Today Programme rapped over Golan Heights report
John Humphreys and the Today Programme have been reprimanded by the BBC Trust for breaching regulations on accurate reporting during coverage of a protest in the Golan Heights in May 2011.
The complaint followed a report about an incursion by Palestinian demonstrators from Syria and Lebanon into the disputed Golan Heights on what Arabs refer to as Nakba Day, which sparked clashes with Israel and reportedly left 12 people dead.
Mr Humphreys interviewed Fatah official Husam Zomlot and Israeli foreign affairs spokesman Mark Regev about the clashes, but introduced his report by noting that the protesters had not merely massed on the border, but some had "actually crossed over the borders into Israel".
"How should Israel have reacted [when protesters] march up to and in some cases across their borders with clubs and with stones," asked Mr Humphrey.
Following the report the BBC received a complaint that the implication of Mr Humphrey's use of the term border "was that Israeli military forces potentially had the right to use force because they were defending their own territory". Mr Humphrey's use of the term border was not explicitly challenged by Mr Zomlot, although he claimed that the protesters had been "marching to their homes… not marching into a foreign territory".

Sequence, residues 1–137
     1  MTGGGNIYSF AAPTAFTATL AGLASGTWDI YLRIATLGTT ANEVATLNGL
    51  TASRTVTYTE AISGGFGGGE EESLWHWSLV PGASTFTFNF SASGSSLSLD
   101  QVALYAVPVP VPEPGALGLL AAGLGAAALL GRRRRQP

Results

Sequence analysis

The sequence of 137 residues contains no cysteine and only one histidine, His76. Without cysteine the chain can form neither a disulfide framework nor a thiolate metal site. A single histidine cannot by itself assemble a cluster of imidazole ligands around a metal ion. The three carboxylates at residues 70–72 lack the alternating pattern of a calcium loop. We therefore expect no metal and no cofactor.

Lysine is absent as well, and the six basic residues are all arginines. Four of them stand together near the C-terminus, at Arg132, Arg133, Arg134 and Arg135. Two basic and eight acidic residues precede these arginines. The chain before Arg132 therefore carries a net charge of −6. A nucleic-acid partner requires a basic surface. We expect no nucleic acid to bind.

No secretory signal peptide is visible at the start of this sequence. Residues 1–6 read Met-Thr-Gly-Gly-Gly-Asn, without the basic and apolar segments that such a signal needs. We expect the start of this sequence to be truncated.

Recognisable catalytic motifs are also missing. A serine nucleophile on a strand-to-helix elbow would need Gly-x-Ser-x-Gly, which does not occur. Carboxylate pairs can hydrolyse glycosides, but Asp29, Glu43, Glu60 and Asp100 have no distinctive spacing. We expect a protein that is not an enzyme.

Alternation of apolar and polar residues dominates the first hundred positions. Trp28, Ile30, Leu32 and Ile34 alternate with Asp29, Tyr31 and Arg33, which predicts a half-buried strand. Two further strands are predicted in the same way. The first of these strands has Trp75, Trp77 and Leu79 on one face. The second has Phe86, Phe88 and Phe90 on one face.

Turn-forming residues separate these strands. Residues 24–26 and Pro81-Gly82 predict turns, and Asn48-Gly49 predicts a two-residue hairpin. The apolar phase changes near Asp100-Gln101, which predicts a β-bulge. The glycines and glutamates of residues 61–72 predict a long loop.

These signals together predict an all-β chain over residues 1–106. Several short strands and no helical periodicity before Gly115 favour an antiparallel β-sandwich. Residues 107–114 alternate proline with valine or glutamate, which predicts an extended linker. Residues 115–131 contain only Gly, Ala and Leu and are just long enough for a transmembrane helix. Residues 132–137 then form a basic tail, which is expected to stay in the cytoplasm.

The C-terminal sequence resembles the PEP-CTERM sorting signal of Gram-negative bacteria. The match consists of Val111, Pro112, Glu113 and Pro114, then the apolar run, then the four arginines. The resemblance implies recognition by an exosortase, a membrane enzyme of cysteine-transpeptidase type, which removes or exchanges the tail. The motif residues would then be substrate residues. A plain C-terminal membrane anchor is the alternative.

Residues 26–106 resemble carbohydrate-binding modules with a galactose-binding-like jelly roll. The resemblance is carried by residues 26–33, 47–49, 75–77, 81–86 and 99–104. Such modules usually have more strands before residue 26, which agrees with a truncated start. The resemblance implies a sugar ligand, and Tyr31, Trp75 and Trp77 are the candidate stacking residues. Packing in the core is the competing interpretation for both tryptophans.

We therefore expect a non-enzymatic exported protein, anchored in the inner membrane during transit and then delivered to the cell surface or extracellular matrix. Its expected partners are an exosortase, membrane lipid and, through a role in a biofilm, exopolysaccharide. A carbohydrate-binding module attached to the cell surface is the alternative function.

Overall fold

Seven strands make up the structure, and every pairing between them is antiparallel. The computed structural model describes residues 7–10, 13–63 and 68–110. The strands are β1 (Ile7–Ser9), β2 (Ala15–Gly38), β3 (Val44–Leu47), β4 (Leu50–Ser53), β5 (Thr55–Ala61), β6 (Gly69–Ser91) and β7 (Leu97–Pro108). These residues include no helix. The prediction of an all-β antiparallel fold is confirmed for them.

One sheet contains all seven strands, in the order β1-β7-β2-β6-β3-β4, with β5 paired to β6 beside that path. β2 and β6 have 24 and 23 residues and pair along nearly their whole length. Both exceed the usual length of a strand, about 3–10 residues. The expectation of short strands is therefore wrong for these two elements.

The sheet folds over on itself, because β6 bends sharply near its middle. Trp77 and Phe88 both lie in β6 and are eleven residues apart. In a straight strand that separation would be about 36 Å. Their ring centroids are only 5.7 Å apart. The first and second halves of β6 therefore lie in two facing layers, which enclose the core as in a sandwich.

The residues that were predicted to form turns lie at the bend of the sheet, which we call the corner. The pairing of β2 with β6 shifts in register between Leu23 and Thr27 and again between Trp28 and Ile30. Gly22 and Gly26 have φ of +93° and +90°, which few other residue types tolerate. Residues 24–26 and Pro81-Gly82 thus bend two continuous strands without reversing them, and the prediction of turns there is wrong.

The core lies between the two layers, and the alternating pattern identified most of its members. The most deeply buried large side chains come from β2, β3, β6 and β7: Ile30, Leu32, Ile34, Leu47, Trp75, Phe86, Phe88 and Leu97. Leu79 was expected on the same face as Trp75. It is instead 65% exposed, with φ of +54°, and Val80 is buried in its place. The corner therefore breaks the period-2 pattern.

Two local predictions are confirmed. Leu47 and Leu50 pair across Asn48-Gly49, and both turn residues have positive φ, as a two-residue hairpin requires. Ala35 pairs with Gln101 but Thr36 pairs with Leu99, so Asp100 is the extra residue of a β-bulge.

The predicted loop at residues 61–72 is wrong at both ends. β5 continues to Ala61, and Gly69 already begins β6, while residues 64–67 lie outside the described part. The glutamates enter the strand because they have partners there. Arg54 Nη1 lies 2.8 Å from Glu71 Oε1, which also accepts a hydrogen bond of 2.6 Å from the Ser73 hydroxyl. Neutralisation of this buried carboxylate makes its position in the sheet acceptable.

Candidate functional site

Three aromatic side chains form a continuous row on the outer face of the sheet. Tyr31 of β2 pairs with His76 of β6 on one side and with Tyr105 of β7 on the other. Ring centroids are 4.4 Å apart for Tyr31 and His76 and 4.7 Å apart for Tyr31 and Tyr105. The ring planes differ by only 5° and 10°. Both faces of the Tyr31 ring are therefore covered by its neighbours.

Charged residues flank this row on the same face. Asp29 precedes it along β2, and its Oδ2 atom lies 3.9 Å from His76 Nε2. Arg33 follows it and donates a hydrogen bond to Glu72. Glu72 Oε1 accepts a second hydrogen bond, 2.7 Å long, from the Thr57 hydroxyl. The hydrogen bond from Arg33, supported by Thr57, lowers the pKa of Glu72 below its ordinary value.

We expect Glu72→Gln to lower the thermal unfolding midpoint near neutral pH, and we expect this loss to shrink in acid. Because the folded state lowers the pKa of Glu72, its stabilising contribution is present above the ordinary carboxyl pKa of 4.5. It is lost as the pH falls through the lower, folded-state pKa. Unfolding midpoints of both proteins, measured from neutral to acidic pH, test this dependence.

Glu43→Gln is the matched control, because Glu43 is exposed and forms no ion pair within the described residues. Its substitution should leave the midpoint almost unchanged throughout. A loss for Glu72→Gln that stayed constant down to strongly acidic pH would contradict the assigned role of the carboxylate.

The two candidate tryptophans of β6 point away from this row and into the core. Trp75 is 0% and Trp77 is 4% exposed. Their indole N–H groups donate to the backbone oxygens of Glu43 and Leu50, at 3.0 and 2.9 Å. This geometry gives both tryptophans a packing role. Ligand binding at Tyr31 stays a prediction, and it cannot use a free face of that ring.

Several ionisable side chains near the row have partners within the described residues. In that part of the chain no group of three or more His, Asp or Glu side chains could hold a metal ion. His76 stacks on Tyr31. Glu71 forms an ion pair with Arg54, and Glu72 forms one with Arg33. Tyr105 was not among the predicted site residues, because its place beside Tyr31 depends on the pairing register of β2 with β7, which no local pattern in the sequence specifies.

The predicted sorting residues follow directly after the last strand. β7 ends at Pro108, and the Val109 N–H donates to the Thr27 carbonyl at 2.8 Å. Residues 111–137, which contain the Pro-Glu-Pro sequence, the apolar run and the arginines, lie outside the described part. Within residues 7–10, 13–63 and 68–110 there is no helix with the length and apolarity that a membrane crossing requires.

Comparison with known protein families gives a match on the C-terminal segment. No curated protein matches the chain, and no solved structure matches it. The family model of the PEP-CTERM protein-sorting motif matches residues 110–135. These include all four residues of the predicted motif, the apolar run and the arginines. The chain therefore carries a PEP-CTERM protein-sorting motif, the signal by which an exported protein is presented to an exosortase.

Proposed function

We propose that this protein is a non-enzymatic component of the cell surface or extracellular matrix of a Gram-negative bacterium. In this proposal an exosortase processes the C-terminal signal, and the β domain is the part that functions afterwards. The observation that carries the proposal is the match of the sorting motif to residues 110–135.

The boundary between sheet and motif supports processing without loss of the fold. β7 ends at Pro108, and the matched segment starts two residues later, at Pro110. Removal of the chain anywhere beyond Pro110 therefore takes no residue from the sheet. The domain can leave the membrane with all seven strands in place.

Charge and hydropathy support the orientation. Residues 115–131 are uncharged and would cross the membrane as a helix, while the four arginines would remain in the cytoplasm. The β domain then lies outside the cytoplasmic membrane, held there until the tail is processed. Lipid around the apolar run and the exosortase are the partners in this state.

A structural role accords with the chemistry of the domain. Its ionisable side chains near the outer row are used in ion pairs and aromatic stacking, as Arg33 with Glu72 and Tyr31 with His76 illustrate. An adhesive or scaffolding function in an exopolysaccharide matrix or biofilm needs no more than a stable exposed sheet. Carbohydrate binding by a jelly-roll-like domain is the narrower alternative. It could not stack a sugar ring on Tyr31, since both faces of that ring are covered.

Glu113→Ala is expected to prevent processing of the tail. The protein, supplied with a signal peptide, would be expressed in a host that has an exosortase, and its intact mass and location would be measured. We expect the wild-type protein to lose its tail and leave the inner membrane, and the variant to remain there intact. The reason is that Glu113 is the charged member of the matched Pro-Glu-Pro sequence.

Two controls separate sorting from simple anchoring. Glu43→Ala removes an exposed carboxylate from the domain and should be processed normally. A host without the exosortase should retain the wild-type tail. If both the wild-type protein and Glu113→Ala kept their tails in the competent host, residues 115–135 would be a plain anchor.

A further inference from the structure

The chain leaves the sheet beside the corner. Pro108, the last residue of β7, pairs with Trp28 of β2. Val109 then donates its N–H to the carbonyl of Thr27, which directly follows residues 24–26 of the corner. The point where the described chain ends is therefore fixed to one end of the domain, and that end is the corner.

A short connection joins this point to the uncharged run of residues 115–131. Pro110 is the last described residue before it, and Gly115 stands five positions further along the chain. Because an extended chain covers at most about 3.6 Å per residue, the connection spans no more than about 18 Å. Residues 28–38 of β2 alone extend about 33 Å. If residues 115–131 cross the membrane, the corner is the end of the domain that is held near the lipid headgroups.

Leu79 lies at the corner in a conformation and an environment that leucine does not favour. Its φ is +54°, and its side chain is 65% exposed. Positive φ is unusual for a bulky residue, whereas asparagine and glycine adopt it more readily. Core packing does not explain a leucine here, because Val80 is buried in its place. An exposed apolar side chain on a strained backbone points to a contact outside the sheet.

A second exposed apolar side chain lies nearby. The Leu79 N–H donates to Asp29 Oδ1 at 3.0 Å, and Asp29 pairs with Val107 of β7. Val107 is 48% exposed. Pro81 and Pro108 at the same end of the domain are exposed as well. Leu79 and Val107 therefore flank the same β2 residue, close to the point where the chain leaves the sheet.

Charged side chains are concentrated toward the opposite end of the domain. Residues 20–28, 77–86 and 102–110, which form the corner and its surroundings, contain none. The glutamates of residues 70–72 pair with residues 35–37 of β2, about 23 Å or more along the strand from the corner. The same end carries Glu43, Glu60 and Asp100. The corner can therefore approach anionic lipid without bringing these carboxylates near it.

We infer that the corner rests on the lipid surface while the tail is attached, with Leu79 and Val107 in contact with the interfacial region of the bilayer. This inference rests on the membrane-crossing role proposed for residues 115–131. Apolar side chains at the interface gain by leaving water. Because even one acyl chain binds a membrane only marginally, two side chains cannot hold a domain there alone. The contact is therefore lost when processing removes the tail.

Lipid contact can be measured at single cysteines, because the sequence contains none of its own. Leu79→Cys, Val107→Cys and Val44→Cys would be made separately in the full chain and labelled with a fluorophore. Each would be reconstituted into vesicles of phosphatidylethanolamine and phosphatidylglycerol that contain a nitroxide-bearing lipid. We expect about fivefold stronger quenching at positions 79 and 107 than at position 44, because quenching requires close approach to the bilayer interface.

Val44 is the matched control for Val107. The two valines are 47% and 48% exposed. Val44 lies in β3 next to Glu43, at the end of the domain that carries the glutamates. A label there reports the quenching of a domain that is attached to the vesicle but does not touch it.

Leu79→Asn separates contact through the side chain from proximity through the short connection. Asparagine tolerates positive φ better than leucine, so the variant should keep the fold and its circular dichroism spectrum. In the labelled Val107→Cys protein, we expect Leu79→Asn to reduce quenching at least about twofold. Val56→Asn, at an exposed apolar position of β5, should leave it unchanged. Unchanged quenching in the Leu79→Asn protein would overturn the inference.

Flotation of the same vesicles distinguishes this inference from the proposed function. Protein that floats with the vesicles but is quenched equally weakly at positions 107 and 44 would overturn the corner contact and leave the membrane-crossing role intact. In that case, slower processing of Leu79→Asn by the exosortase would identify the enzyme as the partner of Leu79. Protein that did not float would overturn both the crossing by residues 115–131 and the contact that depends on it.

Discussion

Although the BBC's editorial complaints unit ruled that while the report could have been clearer, it did not constitute a serious breach of the BBC's editorial standards". But the complainant persisted and a year after the broadcast took up the matter with the BBC Trust. "It can hardly be considered irrelevant that that territory is Syrian and is occupied by Israel," said the complainant.
"Due accuracy in this area would surely require audiences not being misled into believing that the Israeli forces were defending their homes or their legally owned territory."
The Trust has now ruled that the segment was "not duly accurate" because listeners would assume "that protestors had crossed into Israeli territory".
The Trust said the BBC had an obligation to clarify "the distinctions of the boundaries… especially when dealing with an area as sensitive as the relationship between Israel and its neighbours."
Although the Trust found that the interview breached guidelines on "clear, precise language", the ruling acknowledged that this was not a deliberate attempt to mislead the audience and thus "did not raise any issues in relation to impartiality".